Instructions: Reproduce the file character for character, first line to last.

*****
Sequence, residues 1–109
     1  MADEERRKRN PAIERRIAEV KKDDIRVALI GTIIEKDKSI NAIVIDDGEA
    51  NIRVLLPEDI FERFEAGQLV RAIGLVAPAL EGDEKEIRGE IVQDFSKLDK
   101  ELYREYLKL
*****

Sequence, residues 1–109
     1  MADEERRKRN PAIERRIAEV KKDDIRVALI GTIIEKDKSI NAIVIDDGEA
    51  NIRVLLPEDI FERFEAGQLV RAIGLVAPAL EGDEKEIRGE IVQDFSKLDK
   101  ELYREYLKL